Al-Qaeda fights back at Afghan peace bidKARACHI - Similar to US General David Petraeus' plan of reconciliation with the Iraqi tribal-based national resistance and alienation of al-Qaeda, Washington has a two-pronged approach of political settlement with "reconcilable" insurgents and all-out war on radical extremists in the theater of Afghanistan and Pakistan.
This initiative was given a fillip this week by both the government in Kabul and the Taliban, while al-Qaeda, which stands to lose the most, is already on the offensive - as in Osama bin Laden's latest video - in a bid to re-energize itself to maintain its support in the Afghan struggle.
A Taliban spokesman on Tuesday responded that they were prepared for talks with Kabul after President Hamid Karzai offered on Sunday to stage negotiations. "Peace cannot be achieved without dialogue," Karzai said.
Taliban spokesman Yousuf Ahmadi was quoted in the media as saying, "For the sake of national interests ... we are fully ready for talks with the government." He added that the Taliban had a "limited" number of conditions, but he did not explain further.
Let's talk about it
Tribal elders and clerics in Pakistan's North-West Frontier Province are now active in canvassing for a jirga (tribal meeting) that would include the Taliban. These endeavors are backed by both Pakistan and the United States.
The lessons of last month's grand "peace jirga" in Kabul have been learned. While that meeting was groundbreaking in bringing together hundreds of tribal elders, clerics and others from Afghanistan and Pakistan, it was always doomed to be nothing more than symbolic without the participation of the Taliban, who were not invited.
The Taliban realize that jirgas are an Afghan tradition in which rivals attempt to hammer out their differences, and there are now high hopes that once the Taliban and members of Gulbuddin Hekmatyar's Hezb-e-Islami Afghanistan sit down face-to-face with Afghan government officials, the ice will melt.
Whatever the results of such jirgas, one thing is sure - the Taliban's relations with al-Qaeda, which have had their ups and downs before the present reconciliation, will deteriorate.
Despite optimism in Washington and Islamabad over the latest peace moves, in the meantime there will be no let-up on the part of coalition troops in Afghanistan, as they are committed to applying maximum pressure on the Taliban.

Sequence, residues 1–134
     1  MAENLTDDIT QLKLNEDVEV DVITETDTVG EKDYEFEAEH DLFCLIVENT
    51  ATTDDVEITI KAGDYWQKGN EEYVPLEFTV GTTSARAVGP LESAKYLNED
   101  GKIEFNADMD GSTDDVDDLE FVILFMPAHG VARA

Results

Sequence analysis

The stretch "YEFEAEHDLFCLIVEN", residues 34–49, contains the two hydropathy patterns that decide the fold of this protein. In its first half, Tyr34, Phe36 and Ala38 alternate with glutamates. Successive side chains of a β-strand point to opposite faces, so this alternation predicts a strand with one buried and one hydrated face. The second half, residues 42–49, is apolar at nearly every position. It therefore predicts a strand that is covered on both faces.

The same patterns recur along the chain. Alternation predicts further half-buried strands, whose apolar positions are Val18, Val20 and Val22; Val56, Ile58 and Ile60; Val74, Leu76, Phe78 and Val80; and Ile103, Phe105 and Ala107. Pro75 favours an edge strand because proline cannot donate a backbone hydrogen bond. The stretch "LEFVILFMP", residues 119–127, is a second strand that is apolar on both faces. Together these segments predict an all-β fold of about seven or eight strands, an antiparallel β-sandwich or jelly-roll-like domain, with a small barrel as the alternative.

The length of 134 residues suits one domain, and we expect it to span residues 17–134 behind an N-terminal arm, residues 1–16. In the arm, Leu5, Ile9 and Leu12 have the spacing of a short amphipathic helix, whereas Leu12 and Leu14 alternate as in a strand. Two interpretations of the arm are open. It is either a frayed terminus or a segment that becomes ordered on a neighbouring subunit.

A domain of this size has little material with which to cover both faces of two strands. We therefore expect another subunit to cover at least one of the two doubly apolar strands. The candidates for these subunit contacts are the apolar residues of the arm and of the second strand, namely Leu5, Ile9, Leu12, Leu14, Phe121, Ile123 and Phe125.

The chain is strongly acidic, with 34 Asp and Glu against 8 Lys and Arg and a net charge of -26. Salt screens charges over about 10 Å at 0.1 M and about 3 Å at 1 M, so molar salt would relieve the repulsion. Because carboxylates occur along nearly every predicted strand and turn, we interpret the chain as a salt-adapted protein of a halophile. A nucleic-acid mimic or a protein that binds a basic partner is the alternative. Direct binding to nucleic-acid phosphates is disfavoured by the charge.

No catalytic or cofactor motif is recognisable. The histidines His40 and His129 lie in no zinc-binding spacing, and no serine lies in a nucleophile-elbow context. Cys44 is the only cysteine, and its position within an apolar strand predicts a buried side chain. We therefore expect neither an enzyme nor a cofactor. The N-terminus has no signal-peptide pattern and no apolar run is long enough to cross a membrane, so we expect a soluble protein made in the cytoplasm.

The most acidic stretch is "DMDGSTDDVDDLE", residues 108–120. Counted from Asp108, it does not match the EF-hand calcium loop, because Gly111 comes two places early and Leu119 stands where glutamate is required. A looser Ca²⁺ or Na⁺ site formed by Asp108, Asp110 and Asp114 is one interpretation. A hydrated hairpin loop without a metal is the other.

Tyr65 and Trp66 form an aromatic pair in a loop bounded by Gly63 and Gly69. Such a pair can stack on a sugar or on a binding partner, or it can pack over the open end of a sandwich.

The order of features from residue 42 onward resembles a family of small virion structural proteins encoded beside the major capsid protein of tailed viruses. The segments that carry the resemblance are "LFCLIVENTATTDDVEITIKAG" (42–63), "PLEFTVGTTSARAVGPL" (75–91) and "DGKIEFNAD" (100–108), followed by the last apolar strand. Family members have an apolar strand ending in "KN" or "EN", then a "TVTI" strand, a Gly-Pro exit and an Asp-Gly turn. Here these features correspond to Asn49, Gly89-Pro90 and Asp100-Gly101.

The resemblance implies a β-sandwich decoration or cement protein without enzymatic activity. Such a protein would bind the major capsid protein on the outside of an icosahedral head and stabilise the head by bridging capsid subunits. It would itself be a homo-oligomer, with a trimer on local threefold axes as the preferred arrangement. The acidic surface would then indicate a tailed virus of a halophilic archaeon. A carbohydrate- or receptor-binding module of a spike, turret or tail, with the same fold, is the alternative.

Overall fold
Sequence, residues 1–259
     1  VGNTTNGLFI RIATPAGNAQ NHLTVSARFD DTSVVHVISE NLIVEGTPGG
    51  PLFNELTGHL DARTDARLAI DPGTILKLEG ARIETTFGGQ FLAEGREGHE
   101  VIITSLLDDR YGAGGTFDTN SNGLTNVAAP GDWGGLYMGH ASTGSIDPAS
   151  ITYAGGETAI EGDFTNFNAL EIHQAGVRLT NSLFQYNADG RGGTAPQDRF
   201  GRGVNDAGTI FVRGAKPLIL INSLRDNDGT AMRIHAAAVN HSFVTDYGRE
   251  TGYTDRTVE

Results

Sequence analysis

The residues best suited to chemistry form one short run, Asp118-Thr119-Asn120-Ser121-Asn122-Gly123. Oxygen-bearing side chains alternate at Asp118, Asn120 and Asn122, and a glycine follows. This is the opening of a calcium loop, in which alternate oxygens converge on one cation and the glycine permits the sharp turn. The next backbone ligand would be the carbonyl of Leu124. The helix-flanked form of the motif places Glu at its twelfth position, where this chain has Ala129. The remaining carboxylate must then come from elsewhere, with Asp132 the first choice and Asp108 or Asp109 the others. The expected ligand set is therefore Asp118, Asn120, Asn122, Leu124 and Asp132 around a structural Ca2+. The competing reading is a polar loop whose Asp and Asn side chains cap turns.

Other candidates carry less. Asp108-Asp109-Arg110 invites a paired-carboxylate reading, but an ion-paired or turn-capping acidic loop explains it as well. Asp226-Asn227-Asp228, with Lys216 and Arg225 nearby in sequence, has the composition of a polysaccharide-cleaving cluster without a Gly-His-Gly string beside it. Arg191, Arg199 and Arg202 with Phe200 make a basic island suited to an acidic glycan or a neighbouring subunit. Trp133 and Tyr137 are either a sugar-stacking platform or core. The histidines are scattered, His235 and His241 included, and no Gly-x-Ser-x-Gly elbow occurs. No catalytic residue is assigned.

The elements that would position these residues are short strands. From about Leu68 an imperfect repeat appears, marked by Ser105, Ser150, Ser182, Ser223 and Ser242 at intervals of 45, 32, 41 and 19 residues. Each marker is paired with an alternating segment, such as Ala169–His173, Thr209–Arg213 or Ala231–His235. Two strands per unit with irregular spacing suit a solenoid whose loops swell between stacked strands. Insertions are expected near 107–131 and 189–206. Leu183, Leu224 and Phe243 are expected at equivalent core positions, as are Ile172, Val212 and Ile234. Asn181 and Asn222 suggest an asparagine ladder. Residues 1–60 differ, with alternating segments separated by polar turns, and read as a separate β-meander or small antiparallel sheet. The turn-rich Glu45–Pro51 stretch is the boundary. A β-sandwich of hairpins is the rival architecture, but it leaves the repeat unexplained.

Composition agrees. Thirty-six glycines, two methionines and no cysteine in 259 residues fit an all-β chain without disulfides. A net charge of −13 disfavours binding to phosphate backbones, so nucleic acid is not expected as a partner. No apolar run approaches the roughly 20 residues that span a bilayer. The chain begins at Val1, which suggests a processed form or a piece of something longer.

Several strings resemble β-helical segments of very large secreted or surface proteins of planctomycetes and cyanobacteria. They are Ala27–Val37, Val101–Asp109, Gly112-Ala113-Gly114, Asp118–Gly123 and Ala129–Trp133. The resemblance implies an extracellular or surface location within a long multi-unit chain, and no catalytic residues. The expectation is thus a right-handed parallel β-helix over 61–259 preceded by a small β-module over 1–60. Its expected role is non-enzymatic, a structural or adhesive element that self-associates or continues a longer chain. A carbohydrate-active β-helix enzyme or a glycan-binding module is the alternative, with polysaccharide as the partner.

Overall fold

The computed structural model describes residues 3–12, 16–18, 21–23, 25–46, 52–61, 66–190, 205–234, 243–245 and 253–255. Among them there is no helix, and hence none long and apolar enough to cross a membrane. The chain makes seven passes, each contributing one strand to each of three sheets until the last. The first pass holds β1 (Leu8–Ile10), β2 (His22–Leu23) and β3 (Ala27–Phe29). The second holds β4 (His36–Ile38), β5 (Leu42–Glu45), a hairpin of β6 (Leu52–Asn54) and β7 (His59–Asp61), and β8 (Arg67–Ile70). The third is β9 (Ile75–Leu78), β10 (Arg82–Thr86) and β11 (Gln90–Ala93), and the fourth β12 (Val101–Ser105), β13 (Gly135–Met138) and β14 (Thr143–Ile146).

Operations have already been increased in the southwestern provinces of Kandahar and Helmand. However, with the number of casualties rising, most member countries want to see tangible results, such as the Canadians, who are engaged in operations in Kandahar, the second-toughest area after Helmand.
Six years since the US-led invasion of Afghanistan, there is also war fatigue in the militant camp, as well as among the population. The indigenous segment of the Afghan resistance, drawn from the tribes, especially wants to see results.
Men want to get back to their fields and to the routines of life. The tribes of southern Afghanistan want dominance in the central government and prosperity in the Pashtun heartland. And they don't mind whether the Taliban achieve this target through the bullet, the ballot or the jirga - they just want results in the near future.
The Taliban are aware of this, and that the tribals are not ideologically motivated to fight an indefinite battle. This is one of the factors in their willingness for talks with Kabul.
An alert al-Qaeda
For the al-Qaeda ideologues sitting in Iraq and the Pakistani tribal areas, they face a situation similar to the one they now have in Iraq.
Four years ago, after Saddam Hussein fell, al-Qaeda saw the opportunity to grab the resistance by the scruff of the neck and transform it from a low-level guerrilla war into a real "surge" against the US military.
Al-Qaeda's calculated strikes at the nerve center of the US-Shi'ite alliance abruptly sharpened the round edges of the resistance and stoked the fires of sectarian strife. In the atmosphere of intense insecurity that resulted, many common Iraqi people lost their impartiality, joined the resistance and helped al-Qaeda by providing bases and logistics. Al-Qaeda emerged as a leader of Iraqi resistance.
The situation has changed over the past months, though, as the US has been relentless in pursuing al-Qaeda and courting Iraqi tribes, which are turning their backs on al-Qaeda. Many top al-Qaeda commanders have been assassinated by tribals and they are increasingly calling for al-Qaeda to leave and allow the Iraqi national resistance to fight its own battle.
In Pakistan, al-Qaeda adopted a similar approach in North Waziristan and South Waziristan in 2005 by breaking the natural alliance between Pakistani militants and tribals on the one side and the Pakistan army on the other. The result was the establishment of the Islamic State of North Waziristan and the Islamic State of South Waziristan, with al-Qaeda as a key player in both.
But under relentless pressure from the US to crack down on foreign militants in Pakistan, Islamabad was able to drive a wedge between locals and al-Qaeda. This culminated in January in the Pakistani Taliban massacre of hundreds of Uzbek militants and the expulsion of al-Qaeda commanders from the town of Mir Ali in North Waziristan. They have since been able to re-establish themselves. (See The Pakistani road to German terror, Asia Times Online, September 7.)
Osama bin Laden's videotape can be seen in this context. Al-Qaeda has lost its supremacy in Iraq, and risks being sidelined in Afghanistan and Pakistan should the nascent peace process take hold.
Bin Laden's appearance is a powerful reminder that al-Qaeda is still the leader in the global resistance. One can expect a "surge" in al-Qaeda's activities in Afghanistan and Pakistan in an effort to justify this tag and reclaim the resistance movements.
Syed Saleem Shahzad is Asia Times Online's Pakistan Bureau Chief. He can be reached at email@example.com.